Not if you have bodily injury coverage on your policy. If you do, then your insurance company will defend you and handle the injury claim. I wouldn't worry about it, the insurance will take care of all of this for you.
Currently Oregon law requires your auto insurance company to pay as much for the property damage promptly after the accident as they agree is due to the injured party. This is done without getting the other party to release their rights to request additional damages so additional damages remain a possibility. Until either the party signs a release for damages or the time to file a lawsuit expires, a civil lawsuit remains a possibility. The statute of limitation for a lawsuit for personal injury in Oregon is two years. It is six years for property damage.
Since you had insurance coverage at the time of the accident your company will still need to cover you if there is a lawsuit, even if it is years after the accident. They will need to hire and pay an attorney to defend the lawsuit. You have a duty to cooperate with your insurance company. So just report to your insurance company if a lawsuit is initiated or threatened.
The fact that the victim reported no injuries to the court during your criminal proceeding isn't conclusive. They may have started having symptoms after that date. However their statements might be used to show that the accident didn't cause the injuries they now complain of because they didn't have symptoms until much later. Hard to say as it will ultimately be up to medical doctors to testify as to the relationship of their present complaints and the accident.
Talk to your insurance company. http://www.portlandlegalservices.com
The comments by this author to questions posted on Avvo are designed to foster a general understanding of what might be the law governing the area of the legal problem stated and suggest what might be the approach to finding a legal solution. Under no circumstances is this author acting as the attorney for the party who posted the question or as the attorney for subsequent readers to the question or response and no attorney client relationship is being formed. This attorney's comments are not intended to be a substitute for getting legal advice from a licensed attorney. A reader of this author's comments should never act on the information provided in these comments as though these comments were legal advice and should always seek legal advice in a personal consultation with an attorney in their jurisdiction before taking action. The information provided here is not intended to cover every situation with similar facts. Please remember that the law varies between states and other countries and is always changing through actions of the courts and the Legislature.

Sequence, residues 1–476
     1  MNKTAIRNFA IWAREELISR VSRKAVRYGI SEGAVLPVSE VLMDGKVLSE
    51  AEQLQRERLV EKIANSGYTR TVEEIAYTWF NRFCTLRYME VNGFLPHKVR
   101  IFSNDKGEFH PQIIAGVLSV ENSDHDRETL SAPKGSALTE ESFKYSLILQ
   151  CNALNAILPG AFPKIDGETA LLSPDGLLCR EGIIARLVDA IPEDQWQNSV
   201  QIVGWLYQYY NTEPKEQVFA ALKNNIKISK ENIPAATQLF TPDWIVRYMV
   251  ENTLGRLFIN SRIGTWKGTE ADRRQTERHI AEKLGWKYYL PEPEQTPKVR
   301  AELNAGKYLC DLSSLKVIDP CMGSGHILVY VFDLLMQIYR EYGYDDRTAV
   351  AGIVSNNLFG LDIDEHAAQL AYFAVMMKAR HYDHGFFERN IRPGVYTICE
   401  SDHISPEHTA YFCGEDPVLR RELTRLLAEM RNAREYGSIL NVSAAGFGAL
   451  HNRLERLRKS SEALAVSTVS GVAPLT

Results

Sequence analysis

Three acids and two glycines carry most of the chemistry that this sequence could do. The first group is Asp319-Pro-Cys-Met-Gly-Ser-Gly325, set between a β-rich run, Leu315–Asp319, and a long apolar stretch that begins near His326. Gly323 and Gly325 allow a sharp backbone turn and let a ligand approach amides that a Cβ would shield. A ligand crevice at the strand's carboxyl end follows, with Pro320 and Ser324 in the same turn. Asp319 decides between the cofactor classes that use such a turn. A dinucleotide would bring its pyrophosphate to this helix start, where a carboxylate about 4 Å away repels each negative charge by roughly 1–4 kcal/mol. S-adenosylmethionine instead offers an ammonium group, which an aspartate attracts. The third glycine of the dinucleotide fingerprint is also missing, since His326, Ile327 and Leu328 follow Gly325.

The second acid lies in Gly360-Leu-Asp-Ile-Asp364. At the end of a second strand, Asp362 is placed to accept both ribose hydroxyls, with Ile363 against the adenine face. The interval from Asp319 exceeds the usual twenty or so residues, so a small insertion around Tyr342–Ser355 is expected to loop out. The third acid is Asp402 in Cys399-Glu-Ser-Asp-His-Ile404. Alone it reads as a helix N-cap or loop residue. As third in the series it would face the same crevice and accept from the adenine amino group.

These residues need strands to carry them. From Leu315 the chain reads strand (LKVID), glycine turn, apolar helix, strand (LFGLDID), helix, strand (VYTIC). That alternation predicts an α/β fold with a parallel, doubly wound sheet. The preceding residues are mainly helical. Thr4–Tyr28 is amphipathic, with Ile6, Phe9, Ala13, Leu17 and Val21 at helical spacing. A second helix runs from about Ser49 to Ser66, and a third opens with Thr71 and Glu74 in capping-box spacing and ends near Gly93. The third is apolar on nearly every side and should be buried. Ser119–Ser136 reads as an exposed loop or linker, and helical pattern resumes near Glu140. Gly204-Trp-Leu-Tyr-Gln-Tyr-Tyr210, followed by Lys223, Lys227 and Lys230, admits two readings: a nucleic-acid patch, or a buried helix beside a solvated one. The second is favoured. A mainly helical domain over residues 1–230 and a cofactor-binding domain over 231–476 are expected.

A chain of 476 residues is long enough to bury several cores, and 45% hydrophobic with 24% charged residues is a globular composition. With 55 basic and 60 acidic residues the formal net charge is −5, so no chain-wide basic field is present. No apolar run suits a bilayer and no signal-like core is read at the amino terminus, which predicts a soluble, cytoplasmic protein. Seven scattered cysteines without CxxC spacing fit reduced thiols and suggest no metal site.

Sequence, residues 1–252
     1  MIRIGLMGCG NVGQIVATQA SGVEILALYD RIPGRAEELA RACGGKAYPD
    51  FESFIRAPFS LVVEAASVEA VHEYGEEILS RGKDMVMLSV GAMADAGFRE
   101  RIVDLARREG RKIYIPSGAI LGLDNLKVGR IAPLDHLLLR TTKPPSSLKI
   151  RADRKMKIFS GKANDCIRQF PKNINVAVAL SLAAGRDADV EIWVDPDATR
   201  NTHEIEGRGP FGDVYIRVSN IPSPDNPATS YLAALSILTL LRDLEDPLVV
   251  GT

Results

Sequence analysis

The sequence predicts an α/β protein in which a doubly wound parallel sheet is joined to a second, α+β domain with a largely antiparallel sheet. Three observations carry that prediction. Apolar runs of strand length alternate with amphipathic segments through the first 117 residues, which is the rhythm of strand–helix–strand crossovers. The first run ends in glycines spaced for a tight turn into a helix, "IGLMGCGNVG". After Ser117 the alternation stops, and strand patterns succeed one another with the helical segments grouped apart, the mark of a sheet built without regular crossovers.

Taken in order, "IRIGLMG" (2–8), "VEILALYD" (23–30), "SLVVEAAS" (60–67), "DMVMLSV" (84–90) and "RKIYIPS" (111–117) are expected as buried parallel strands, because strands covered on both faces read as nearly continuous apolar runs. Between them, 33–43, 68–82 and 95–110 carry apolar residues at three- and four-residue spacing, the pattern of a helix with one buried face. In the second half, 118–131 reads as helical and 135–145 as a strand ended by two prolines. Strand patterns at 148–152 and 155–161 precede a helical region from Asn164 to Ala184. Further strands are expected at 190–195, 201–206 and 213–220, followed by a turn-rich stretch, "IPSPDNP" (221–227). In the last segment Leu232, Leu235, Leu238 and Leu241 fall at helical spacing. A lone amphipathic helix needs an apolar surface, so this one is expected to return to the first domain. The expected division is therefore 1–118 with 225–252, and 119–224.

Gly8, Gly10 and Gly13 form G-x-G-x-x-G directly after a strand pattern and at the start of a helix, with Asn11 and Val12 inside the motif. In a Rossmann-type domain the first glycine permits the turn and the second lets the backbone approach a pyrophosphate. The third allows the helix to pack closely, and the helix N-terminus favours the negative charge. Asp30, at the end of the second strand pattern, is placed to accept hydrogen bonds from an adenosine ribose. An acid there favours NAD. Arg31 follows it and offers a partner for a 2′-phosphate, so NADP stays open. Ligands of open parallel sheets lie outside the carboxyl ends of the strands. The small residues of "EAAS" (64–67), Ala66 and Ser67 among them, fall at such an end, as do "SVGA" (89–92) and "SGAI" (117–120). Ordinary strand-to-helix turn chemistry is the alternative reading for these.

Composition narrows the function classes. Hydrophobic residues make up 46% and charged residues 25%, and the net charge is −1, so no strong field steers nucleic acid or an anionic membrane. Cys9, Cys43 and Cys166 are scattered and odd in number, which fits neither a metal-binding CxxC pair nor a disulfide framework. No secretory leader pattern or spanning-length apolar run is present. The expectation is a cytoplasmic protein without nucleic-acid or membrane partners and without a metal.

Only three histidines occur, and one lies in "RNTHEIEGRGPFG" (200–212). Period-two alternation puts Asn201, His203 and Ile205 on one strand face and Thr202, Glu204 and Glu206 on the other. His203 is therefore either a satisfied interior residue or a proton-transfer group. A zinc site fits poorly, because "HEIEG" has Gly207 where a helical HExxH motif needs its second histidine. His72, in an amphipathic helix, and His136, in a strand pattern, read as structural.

Property damage and bodily injury claims are separate, so even though your insurance paid the property damage, you may still have liability for bodily injury. I'm not sure what the hearing was in which it was found there was not substantial injuries, but it is likely not binding in a civil suit. You should forward the suit to your insurance company immediately so it can hire a lawyer to defend you in a timely way.
It is possible that the injuries to the plaintiff were not fully known at the time of the criminal hearing. So yes, your insurance may have to pay for the personal injury claim. But your insurance company should provide an attorney to handle the case for you, so talk to your insurance.
I agree generally with the other responses that you have received and comment separately to suggest that you consider retaining your own "personal" counsel; particularly if you happen to only have very modest liability coverage limits (pursuant to Oregon law the minimum amount is $25,000 per claim). If it should turn out that the person asserts a claim for an amount greater than the amount of your insurance coverage, you would be well-served to have personal counsel to assist you in avoiding or minimizing the extent of your own personal exposure to the claimant and/or to oversee your insurance company's efforts to settle the claim for an amount within your insurance coverage limits.
Sign up to receive a 3-part series of useful information and advice about personal injury law.